Evidence from observations and computer simulations supports a picture of galaxy growth that isn't dominated by the rough-and-tumble crashes of big galaxies.

To make a giant cookie, you would probably start by grabbing two clumps of cookie dough and smooshing them together. Astronomers long thought the same went for galaxies: want to build a big galaxy? Merge two galaxies together. Voilà.

This detailed face-on view of NGC 6744, taken by the MPG/ESO's 2.2-meter telescope at the La Silla Observatory in 2000, shows a spiral galaxy similar to the Milky Way in many ways, one of which being the presence of a companion galaxy seen in this picture as a smudge at the lower right corner. Observations suggest that many galaxies do much of their growing by eating smaller companions.


But astronomers are finding that major mergers aren’t the fundamental galaxy builders they once seemed. Last year, a study of more than 400 Milky-Way-mass galaxies (i.e. those with tens of billions of solar masses) showed that, contrary to theory, disk galaxies grow their central bulges simultaneously with their disks, and not via mergers.

The less-is-more theme with mergers continued at the winter meeting of the American Astronomical Society. Sugata Kaviraj (University of Hertfordshire and University of Oxford, UK) presented his team’s study of 80 massive galaxies whose light left them more than 10 billion years ago, corresponding to a redshift of about 2. This epoch is a popular one with astronomers, because star formation in the universe peaked around this time. And because star formation builds up a galaxy’s stellar mass (which means it builds up the galaxy), astronomers can track galaxy growth by studying star formation.

The Mice

Some galaxies do suffer major mergers, including NGC 4676 (a.k.a. "The Mice"), a spectacular pair of colliding galaxies 300 million light-years away in Coma Berenices. They will eventually merge into a single giant galaxy. This Hubble composite-color image is assembled from exposures made through blue, orange, and near-infrared filters.

Kaviraj and his colleagues looked for signs of a major merger — such as extended tidal features or double cores — in these early galaxies. (They defined a major merger as one in which the two original galaxies had about the same mass.) But they found that at most 27% of star formation activity during this period arose thanks to such mergers. After comparing the star formation in non-interacting galaxies with that in galaxies suffering mergers, the team concluded that the mergers’ actual contribution to cosmic star formation in this era might be more like 15%.

In a separate study of about 330 newborn elliptical galaxies, Kaviraj’s team also found that more than 50% of the blue (a.k.a. star-forming) ball-shaped galaxies don’t seem to be driving their star formation via major mergers. That matches up with theoretical work suggesting these galaxies can form without such a clash.

Globular cluster NGC 2419

The Japanese 8.2-meter Subaru telescope took this image of the globular cluster NGC 2419. Most globular clusters occupy the halo, the large spheroid of stars and diffuse hot gas that surrounds the galaxy.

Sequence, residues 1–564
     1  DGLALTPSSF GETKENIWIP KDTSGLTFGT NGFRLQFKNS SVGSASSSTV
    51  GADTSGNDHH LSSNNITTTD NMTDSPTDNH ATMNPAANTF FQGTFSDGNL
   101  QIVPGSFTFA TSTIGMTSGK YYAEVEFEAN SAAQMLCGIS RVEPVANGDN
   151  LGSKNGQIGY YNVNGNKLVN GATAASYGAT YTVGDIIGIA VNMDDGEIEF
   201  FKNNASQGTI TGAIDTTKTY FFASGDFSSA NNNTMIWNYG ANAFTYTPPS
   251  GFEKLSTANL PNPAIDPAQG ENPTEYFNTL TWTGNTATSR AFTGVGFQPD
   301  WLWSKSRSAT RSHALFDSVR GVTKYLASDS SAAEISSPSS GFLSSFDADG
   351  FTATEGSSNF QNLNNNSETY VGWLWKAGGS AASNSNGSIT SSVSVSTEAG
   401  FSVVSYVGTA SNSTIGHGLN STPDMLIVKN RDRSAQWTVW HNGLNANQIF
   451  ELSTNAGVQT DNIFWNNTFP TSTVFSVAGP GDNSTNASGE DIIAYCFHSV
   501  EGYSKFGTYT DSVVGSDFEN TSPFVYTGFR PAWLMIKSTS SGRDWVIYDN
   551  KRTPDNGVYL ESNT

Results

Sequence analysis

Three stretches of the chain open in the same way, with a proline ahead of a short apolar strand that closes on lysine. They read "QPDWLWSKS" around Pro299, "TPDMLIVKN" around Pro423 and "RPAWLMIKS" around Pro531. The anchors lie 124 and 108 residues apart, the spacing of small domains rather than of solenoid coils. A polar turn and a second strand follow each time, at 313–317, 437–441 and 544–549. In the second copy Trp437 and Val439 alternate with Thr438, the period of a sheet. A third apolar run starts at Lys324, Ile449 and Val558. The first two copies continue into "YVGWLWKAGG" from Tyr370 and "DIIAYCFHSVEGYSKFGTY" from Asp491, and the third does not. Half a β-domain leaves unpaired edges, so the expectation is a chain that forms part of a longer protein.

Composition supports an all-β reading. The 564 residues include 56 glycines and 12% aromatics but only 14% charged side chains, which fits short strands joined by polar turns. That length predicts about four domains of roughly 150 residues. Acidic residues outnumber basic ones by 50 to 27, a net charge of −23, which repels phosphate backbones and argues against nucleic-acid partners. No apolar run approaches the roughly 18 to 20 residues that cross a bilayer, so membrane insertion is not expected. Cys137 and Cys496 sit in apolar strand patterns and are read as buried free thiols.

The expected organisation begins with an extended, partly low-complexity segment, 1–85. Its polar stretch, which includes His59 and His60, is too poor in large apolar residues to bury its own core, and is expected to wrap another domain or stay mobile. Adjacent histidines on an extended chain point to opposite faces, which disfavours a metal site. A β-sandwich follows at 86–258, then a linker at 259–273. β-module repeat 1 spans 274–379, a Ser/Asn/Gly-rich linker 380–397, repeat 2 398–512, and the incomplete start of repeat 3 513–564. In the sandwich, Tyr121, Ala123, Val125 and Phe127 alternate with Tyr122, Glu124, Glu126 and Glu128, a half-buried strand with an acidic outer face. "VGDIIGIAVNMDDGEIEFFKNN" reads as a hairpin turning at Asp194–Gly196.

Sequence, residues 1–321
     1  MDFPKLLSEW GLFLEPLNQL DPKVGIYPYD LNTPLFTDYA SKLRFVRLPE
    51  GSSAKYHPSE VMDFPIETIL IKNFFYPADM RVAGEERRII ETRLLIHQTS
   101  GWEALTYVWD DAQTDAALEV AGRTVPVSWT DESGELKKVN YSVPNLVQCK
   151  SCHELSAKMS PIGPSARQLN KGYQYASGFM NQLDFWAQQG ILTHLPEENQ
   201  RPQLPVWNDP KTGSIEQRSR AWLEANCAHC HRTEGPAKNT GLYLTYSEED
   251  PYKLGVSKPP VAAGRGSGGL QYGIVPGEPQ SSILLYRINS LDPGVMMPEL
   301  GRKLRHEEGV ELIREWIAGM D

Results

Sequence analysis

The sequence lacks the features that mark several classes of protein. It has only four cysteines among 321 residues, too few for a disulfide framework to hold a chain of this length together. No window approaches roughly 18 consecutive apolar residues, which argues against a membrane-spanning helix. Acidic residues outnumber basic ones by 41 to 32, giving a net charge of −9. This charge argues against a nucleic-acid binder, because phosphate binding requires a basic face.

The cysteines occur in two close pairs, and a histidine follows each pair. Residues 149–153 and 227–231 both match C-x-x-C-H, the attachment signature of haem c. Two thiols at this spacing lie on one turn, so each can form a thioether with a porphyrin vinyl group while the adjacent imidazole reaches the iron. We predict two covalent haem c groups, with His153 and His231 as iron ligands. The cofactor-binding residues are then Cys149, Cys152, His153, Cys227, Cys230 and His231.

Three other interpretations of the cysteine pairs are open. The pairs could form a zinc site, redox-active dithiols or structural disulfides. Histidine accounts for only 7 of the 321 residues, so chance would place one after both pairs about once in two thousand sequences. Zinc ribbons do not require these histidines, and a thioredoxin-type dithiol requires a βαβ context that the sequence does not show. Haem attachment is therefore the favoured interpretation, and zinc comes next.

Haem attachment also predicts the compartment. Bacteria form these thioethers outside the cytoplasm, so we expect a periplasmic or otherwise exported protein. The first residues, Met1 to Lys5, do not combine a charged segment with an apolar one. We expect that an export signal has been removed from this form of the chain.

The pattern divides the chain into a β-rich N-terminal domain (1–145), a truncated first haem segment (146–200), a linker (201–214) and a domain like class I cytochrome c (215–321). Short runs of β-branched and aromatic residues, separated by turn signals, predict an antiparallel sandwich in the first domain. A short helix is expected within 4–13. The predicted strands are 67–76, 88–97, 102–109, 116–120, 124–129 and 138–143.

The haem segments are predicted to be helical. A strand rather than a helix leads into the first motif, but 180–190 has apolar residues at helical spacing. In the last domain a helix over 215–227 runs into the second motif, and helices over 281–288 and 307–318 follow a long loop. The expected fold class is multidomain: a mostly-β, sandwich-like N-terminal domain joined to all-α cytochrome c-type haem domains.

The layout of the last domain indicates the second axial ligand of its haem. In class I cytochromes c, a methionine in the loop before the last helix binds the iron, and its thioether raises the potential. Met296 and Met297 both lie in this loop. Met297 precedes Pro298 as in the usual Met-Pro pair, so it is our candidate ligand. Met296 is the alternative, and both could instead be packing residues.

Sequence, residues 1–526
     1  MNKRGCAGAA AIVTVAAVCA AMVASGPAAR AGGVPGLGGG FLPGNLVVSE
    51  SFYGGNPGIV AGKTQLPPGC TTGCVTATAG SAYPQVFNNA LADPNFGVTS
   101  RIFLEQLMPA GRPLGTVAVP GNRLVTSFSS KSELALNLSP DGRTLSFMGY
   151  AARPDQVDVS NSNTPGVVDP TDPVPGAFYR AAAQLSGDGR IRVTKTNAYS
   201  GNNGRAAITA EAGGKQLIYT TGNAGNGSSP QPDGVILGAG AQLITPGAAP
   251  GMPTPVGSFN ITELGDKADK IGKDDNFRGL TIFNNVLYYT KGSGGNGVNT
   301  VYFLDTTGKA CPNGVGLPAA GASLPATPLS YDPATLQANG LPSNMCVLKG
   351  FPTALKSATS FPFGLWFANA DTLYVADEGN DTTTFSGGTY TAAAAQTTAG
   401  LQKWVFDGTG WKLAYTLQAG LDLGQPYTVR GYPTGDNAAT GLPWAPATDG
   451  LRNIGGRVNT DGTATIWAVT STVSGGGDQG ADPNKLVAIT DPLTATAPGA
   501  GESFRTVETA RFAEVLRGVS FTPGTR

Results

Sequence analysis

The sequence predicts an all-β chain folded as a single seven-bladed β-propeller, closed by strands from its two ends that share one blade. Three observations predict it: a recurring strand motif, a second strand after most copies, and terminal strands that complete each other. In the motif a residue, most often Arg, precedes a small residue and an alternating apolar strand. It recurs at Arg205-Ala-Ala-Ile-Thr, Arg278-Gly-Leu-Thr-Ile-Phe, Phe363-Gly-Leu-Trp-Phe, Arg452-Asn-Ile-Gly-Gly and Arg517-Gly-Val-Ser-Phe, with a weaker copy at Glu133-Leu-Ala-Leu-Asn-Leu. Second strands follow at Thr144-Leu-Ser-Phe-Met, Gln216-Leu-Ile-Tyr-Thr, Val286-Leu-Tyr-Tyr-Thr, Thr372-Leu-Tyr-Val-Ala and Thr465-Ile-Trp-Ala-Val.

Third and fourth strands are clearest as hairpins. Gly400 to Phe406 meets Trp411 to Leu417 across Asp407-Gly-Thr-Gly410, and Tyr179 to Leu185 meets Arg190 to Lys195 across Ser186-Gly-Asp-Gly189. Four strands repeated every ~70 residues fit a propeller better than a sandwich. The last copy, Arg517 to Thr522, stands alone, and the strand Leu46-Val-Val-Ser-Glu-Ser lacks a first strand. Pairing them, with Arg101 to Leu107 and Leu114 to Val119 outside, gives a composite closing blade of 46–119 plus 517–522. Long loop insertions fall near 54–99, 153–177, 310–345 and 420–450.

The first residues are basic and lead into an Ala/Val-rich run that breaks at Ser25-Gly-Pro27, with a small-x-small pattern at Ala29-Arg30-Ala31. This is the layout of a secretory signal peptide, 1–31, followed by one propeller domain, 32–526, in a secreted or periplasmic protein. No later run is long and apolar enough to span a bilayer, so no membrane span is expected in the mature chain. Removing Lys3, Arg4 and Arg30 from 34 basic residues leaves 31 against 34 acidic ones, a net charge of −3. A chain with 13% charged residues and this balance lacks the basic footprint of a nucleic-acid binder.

Subaru Telescope / NAOJ

Overall, it looks like galaxies power most of their star formation — and therefore their growth — with minor mergers and gas accreted from their environs. The Milky Way is a prime case, as it shows no signs of a recent major merger. Instead, it’s beefed itself up by snacking. Zhibo Ma (Case Western Reserve University) reported at the meeting that his team’s work with the SEGUE K Giant Survey, an extension of the Sloan Digital Sky Survey focusing on cool giant stars, supports this view of the Milky Way. The team distinguishes several stellar populations in the Milky Way’s halo, the large sphere of older, cooler stars that encircles the galaxy. These stellar streams suggest that our galaxy has built up its halo in an ongoing process, accreting and disrupting dwarf galaxies as it ages.

These streams have particular chemical makeups, developed when the stars were first born in whatever extragalactic clump of gas the Milky Way ripped up and ate. But the streams may be able to tell us even more about their progenitors than these compositions reveal. Heidi Newberg (Rensselaer Polytechnic Institute) and her colleagues are working on using stellar streams to figure out the dark matter content of the dwarfs our galaxy has eaten, and of our galaxy itself. They’re doing it with a citizen science project called MilkyWay@home, which uses volunteers’ computer time to create a detailed, 3D view of the Milky Way. The project is still fairly new, but it promises to provide a fascinating glimpse into how our galaxy formed.


AAS presentations (click here for meeting program):
S. Kaviraj et al. "The insignificance of major mergers in the early universe." Abstract #310.07
Z. Ma et al. "The SEGUE K Giant Survey." Abstract #336.02D (dissertation talk)
H. J. Newberg et al. "Relating Dark Matter to Tidal Streams with MilkyWay@home." Abstract #336.03

S. Kaviraj et al. "The insignificance of major mergers in driving star formation at z~2." Monthly Notices of the Royal Astronomical Society, February 11, 2013.

S. Kaviraj et al. "Newborn spheroids at high redshift: when and how did the dominant, old stars in today's massive galaxies form?" Monthly Notices of the Royal Astronomical Society, January 11, 2013.


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Peter Wilson

January 18, 2014 at 11:56 am

It helps to remember that stars and galaxies do not grow so much as collapse. A star begins as a diffuse cloud of gas, many light-years across, then collapses. What causes that? The core grows, but the process is one of collapse. Ditto for galaxies. They become more massive, but the phenomenon is a “falling together” into deeper and deeper gravitational wells. The universe began with matter, everywhere. There were no voids, anywhere. Matter falling into galaxies created the emptiness around them. Mass is not being added to the universe; the rate of galaxy growth is the rate of local collapse.